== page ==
By Mattew Miller
“The constant questions over the last six weeks have proven a great distraction that has made it too difficult for me to serve the people of the 18th District with the high standards that they deserve and which I have set for myself.”
The statement and subsequent resignation—effective March 31—
by Congressman Aaron Schock (R.-Peoria, IL) has come as a surprise to many.
The first Representative to be born in the 1980s, the 33-year-old Schock was once thought to be a rising star in Republican circles. Known for his affability, tech savvy, sartorial inclinations and Men’s Health cover, Schock’s persona was seen a fresh face whose Generation Y perspective could help balance out the stodgy aura of the Republican Party. Through his deft use of social media he has cultivated a cult-like following, amassing more than eighteen-thousand Instagram fans. His account shows him hobnobbing with a diverse range of famous personalities from Apple CEO Tim Cook to the pope, all while globetrotting to exotic, and as a result expensive, locales.
Schock leveraged this quasi-celebrity status to become one of the more successful fundraisers in Congress. In 2014, his GOP Generation Y Fund PAC contributed $468,588 to Republican candidates. For perspective, the amount raised was fourteenth most overall. More than both Senate Majority Leader Mitch McConnell and John McCain were able to raise for their respective PACs. In politics, where fundraising is an elected official’s lifeblood, this was not lost on political insiders. While Schock’s political capital was towards the lower end of the spectrum, having never sponsored a single bill that became law, his ability to raise money for himself and his party was a valuable asset. And it is not as if he had zero sway in the halls of the Capitol Building; he had just landed a prominent position as a member of the House Ways and Means Committee.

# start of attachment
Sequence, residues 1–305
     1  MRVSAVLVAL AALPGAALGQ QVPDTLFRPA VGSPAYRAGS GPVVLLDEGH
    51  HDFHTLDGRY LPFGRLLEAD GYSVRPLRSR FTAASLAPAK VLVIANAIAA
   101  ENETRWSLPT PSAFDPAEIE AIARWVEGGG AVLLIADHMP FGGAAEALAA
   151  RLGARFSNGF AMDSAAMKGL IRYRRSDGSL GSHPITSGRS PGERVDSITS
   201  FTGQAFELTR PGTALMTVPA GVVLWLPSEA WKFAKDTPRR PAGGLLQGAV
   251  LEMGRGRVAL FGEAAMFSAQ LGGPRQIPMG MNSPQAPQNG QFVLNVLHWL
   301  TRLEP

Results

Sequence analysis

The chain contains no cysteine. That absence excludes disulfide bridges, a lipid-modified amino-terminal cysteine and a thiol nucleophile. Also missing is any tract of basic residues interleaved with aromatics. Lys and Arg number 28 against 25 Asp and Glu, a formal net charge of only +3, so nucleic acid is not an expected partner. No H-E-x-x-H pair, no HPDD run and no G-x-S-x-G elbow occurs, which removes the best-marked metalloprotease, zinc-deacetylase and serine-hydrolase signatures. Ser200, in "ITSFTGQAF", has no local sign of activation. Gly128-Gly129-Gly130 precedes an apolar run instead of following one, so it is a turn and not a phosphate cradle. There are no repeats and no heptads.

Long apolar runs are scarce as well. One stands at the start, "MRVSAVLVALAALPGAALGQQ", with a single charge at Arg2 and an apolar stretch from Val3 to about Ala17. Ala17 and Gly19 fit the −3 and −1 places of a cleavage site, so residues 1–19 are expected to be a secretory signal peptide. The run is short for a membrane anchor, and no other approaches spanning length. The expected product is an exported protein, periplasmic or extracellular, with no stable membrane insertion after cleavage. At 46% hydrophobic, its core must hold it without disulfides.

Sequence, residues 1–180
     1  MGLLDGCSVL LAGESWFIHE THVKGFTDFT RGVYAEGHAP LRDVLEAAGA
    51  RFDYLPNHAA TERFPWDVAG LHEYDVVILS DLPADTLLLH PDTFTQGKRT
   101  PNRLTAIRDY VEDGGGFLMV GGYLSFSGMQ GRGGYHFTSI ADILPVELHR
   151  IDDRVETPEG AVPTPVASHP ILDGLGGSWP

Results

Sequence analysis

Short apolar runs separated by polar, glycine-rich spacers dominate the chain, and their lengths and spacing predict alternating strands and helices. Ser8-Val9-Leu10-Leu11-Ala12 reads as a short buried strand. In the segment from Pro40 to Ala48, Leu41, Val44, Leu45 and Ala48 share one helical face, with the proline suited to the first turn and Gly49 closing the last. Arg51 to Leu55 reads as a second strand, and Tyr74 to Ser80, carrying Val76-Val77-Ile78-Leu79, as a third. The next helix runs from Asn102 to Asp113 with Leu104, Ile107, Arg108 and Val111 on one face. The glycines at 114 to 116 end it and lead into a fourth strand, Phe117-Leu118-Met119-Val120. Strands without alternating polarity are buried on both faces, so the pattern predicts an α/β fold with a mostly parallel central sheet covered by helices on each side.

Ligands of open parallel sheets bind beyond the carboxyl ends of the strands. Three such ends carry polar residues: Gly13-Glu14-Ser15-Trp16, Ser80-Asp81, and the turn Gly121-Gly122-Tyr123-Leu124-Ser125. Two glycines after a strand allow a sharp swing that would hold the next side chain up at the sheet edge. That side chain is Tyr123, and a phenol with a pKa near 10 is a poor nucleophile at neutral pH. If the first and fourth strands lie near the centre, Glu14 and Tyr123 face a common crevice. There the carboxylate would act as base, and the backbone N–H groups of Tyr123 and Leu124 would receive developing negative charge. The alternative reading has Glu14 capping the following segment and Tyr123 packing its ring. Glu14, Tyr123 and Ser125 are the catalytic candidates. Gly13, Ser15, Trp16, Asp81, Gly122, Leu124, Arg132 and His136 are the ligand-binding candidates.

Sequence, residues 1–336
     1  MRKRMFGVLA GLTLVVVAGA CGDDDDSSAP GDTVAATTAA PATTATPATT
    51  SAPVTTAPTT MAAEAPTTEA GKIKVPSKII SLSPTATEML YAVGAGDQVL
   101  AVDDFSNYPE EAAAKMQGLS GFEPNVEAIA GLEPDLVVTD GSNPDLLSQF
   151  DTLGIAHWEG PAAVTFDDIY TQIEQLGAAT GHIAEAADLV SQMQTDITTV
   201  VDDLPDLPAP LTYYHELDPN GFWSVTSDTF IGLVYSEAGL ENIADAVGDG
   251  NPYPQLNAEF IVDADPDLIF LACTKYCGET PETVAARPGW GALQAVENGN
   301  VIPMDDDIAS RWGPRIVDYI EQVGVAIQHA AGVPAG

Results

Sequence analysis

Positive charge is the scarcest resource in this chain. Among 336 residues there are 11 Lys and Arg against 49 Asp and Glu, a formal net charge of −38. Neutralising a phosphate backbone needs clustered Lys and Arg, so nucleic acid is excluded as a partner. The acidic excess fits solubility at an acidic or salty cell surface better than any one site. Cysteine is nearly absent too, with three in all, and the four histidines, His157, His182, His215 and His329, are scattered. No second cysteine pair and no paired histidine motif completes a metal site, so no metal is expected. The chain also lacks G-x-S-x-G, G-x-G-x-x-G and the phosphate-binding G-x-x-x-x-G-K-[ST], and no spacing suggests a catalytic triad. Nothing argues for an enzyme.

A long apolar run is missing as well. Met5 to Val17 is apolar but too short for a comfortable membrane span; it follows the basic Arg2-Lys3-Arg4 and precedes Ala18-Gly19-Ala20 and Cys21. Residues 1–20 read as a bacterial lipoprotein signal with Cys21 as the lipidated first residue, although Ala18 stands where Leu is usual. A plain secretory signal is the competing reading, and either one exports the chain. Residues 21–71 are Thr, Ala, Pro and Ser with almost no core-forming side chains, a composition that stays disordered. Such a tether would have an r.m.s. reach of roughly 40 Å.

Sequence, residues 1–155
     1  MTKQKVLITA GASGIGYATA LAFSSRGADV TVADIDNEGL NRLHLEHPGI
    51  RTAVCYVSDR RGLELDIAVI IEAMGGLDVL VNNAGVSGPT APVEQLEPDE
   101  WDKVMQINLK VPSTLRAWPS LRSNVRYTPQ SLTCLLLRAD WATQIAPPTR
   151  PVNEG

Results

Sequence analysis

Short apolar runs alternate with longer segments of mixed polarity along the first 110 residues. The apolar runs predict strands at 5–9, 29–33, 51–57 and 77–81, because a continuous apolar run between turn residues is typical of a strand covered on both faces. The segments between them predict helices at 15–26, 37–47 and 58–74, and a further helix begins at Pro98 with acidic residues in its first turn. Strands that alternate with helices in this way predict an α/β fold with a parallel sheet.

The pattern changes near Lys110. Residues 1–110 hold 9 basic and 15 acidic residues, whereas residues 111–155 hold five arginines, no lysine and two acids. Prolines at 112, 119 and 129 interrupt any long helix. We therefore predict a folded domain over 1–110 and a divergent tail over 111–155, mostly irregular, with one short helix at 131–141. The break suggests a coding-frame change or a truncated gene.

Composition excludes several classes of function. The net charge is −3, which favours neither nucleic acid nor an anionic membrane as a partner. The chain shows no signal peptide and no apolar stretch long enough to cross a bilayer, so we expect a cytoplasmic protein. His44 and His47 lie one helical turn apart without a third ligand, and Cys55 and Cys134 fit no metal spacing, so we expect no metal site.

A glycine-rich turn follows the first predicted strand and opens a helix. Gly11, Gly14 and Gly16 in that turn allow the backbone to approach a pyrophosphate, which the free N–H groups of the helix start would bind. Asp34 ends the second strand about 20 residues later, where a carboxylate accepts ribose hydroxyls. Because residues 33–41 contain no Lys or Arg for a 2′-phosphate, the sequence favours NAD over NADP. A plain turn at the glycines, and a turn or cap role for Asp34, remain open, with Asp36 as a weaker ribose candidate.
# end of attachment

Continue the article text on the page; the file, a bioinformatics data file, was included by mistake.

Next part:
So what brought down the Representative as quickly as his rise? It turns out that his love for “Downton Abbey” may be the reason for his political downfall.
“Bright red walls. A gold-colored sconce with black candles. A Federal-style bull’s-eye mirror with an eagle perched on top. And this is just the Illinois Republican’s outer office,” writes Ben Terris, a Washington Post reporter, describing Schock’s Capitol Hill digs.
Terris is informed that “it’s actually based off of the red room in ‘Downton Abbey.’” He was then escorted through the rest of the office by Annie Brahler, the interior decorator who was hired to spruce up the place. A seemingly innocuous piece on the Representative turned intriguing when Terris’s walkthrough was interrupted by a phone call from Rep. Schock’s communications director Benjamin Cole. Mr. Cole proceeded to ask that Terris stop taking pictures and to delete those he had already snapped. He went on to inform Terris that he had “…created a bit of a crisis in the office” and then proceeded with an attempt to dissuade the journalist from writing about the ornate workplace:
“You’ve got a member [of Congress] willing to talk to you about other things. Why sour it by rushing to write some gossipy piece?”